Australian-born Geraldine Brooks is an author and journalist who grew up in
the Western suburbs of Sydney, and attended Bethlehem College Ashfield and the
University of Sydney. She worked as a reporter for The Sydney Morning Herald
for three years as a feature writer with a special interest in environmental
In 1982 she won the Greg Shackleton Australian News Correspondents scholarship to the journalism masters program at Columbia University in New York City. Later she worked for The Wall Street Journal, where she covered crises in the the Middle East, Africa, and the Balkans.
She was awarded the Pulitzer Prize in fiction in 2006 for her novel March (2005), and her novel Year of Wonders: A Novel of the Plague (2001) is an international bestseller. Her novel People of the Book, was published in January 2008. She is also the author of the nonfiction works Nine Parts of Desire: The Hidden World of Islamic Women (1995) and Foreign Correspondence: A Pen Pal's Journey from Down Under (1998).
Brooks married author Tony Horwitz in France, in 1984. Brooks lives with her family in Martha's Vineyard, Massachusetts.
This biography was last updated on 08/07/2013.
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Two interviews with Geraldine Brooks about Year of Wonders and People of the Book.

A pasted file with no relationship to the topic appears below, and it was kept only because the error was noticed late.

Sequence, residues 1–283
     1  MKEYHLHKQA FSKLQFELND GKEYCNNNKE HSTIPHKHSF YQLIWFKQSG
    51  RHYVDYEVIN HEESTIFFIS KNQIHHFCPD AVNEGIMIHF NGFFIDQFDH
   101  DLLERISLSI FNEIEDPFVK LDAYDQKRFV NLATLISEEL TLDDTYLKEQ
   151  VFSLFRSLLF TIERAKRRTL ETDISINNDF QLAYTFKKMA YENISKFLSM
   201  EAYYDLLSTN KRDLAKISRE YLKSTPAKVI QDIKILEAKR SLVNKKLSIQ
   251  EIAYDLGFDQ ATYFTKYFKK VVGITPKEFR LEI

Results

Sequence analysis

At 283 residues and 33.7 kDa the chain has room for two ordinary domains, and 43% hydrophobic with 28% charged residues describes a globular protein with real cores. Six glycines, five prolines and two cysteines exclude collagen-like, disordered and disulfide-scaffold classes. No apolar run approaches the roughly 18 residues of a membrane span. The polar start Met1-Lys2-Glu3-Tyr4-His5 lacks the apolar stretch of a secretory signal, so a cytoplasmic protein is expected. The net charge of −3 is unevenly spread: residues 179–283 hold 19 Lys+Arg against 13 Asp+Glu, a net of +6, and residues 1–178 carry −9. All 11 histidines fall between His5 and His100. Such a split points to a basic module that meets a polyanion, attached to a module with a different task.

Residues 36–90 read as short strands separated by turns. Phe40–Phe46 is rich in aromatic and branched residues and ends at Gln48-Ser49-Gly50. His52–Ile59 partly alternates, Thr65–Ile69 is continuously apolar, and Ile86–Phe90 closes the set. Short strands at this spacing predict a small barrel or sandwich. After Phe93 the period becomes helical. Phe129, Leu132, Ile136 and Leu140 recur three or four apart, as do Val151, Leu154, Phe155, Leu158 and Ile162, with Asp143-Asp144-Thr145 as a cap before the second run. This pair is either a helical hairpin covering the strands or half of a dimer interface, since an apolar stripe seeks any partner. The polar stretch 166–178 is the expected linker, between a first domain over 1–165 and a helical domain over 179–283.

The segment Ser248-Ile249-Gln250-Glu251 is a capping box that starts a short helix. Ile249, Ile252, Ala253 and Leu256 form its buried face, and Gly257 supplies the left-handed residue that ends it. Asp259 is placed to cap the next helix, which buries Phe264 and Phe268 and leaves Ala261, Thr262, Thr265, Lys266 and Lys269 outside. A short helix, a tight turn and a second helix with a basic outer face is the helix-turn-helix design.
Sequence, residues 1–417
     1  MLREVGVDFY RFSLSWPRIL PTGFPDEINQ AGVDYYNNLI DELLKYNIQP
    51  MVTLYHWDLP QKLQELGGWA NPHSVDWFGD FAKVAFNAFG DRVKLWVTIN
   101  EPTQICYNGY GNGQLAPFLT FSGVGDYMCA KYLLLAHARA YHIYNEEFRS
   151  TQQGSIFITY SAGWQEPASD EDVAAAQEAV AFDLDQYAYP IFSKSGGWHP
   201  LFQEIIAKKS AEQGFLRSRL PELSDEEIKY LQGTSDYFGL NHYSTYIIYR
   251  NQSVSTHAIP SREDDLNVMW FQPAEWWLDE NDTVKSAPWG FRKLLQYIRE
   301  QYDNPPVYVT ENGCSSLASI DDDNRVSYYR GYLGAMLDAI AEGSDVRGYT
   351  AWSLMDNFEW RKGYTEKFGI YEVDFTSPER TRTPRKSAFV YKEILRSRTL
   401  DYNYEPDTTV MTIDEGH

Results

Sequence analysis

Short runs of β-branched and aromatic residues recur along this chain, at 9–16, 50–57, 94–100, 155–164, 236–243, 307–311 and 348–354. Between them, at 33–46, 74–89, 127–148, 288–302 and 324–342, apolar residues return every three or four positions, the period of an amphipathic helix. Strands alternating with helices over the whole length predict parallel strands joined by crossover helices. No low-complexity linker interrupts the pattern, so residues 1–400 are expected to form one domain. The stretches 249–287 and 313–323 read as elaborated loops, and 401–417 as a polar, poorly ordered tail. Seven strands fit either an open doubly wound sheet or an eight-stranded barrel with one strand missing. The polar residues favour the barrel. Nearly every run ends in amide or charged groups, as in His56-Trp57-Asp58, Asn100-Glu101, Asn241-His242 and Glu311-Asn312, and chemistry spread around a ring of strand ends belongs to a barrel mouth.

A Conversation with Geraldine Brooks about People of the Book
Your previous two novels are set during Europe's plague years and the
American Civil War. Now, you've created an epic story about art and religious
persecution. What is it that draws you to a particular subject, or a particular
I love to find stories from the past where we can know something, but not everything; where there is enough of a historical record to have left us with an intriguing factual scaffolding, but where there are also enough unknowable voids in that record to allow room for imagination to work.
What do you think it is about the real Sarajevo Haggadah that has allowed it to survive the centuries?
It's a fascinating question: Why did this little book always find its protectors when so many others did not? It is interesting to me that the book was created in a periodconvivencia Spainwhen diversity was tolerated, even somewhat celebrated, and that it found its way centuries later to a similar place, Sarajevo. So even when hateful forces arose in those societies and crushed the spirit of multiethnic, ...
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